Another type of inorganic NP, mesoporous mesoporous silicon nanomaterial particles (MSNs) are biodegradable and chemically stable nanostructured materials with unique macroporosity; this porosity allows a wide surface area to be used for NP surface chemistry Modularity and drug packaging, and allow many sites to carry nucleic acids efficiently. Song et al. reported the development of a single-cell microsphere DNA vaccine using rambutan-like single-cell microspheres as a gene carrier and adjuvant.

Rambutan-based MSNs were developed by copolymerization of resorcinol-formaldehyde (RF) resin and silica, showing unique pointed nanopatterns, and were further modified with cationic PEI (Figure 4), Ram–MSNs (A) and Ram-MSNs-PEI (b) transmission electron micrographs, the corresponding particle size distribution (c) and nitrogen adsorption isotherm (d) determined by DLS, have shown excellent pDNA delivery and effective protection of genes from nucleic acids Enzymatic degradation.

Next-generation vaccines: Nanoparticle-mediated delivery of DNA and mRNAFigure 4 Rambutan-like mesoporous silica nanoparticles have good adsorption properties for pDNA


5. In addition to being used as vaccine drugs, peptides are also used to promote the delivery of nucleic acid vaccines.

Peptides used for nucleic acid delivery generate positive charges by excluding lysine and arginine residues, and combine with negatively charged nucleic acids to form nanocomposites. They can be used as nanocomposites, and the positive-negative ratio affects the formation of complexes. As a natural structure existing in all biological systems, peptide-based NPs are a natural method to provide nucleic acid vaccines.

Although the peptide-based NP system has recently had a harmful effect on the delivery of nucleic acid vaccines, it can be improved by developing an effective new complex library and expanding the library of materials that can produce peptide uncoating systems. Polylactic acid (PLA) NPs have been proven to encapsulate or adsorb various antigens and immunostimulant molecules, and can be absorbed by dendritic cells (DCs).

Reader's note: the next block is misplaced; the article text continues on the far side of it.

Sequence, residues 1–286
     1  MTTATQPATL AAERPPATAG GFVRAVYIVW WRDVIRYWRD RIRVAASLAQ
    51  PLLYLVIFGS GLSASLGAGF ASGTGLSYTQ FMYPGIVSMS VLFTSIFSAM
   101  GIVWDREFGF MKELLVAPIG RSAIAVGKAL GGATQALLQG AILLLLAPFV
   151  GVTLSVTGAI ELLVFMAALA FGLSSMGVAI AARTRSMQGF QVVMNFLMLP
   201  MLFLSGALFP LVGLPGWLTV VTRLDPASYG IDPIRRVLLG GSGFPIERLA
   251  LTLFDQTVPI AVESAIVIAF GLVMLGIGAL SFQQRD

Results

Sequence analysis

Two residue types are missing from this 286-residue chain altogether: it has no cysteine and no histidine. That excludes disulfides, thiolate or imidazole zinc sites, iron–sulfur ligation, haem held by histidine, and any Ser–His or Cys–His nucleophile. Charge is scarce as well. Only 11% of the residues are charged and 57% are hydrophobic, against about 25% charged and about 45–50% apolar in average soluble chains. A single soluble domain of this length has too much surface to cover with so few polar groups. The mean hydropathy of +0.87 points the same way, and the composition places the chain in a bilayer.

Since both the PLA-NP surface and the mRNA biological macromolecules are negatively charged, cationic CPPs have been used as cationic intermediates to load mRNA onto PLA-NPs (Figure 5). Negatively charged mRNA combines with cationic peptides (RALA, LAH4 or LAH4-L1) to form peptide/mRNA multimers. The complex is adsorbed on PLA-NPs to form PLA-NP/peptide/mRNA nanocomposite.

Figure 5 Carrierization of PLA-NPs mRNA with cationic peptide intermediates


DNA and mRNA vaccines have brought many benefits to modern vaccination systems, enabling them to quickly adapt to changing pathogen strains, as well as cheap and rapid artificial manufacturing capabilities. Due to the limitation of DNA/mRNA delivery with viral vectors, non-viral vectors use different materials such as lipids and polymers, inorganic molecules, peptides and their combinations to have various beneficial delivery characteristics. NPs provide groundbreaking opportunities to develop highly effective targeted therapies to improve the effectiveness of vaccines.

Each candidate NP vaccine needs to go through a series of clinical trials to evaluate its safety, immunogenicity and protection for humans. The following table describes the NP vaccine therapies currently undergoing different stages of clinical trials (Table 1). It is obvious that many are liposome-based, which represents a huge opportunity to improve and perfect the use of polymer, inorganic and peptide-based NPs. In clinical. In addition, only a few clinical trials involving NPs are based on nucleic acids, which indicates that the above-mentioned improvements in NP and nucleic acid design still have a great opportunity to fill the gap in NP-mediated nucleic acid delivery in clinical delivery.



Based on the successful experience in the clinical development process, further improving the design of DNA/mRNA payloads and NP formulations, and improving the understanding of the immune response induced by NP-mediated nucleic acid vaccines will produce faster immune vaccines, which may only require a few Can deal with infectious diseases and cancer in just one month.

Although the COVID-19 pandemic has caused huge damage and loss of life around the world, it has sounded the alarm for the world to design new technologies and concepts for vaccines. By solving the above challenges, we believe that the full potential of NP-mediated nucleic acid vaccines will be discovered in the future.



Next-generation vaccines: Nanoparticle-mediated delivery of DNA and mRNA

Next-generation vaccines: Nanoparticle-mediated delivery of DNA and mRNA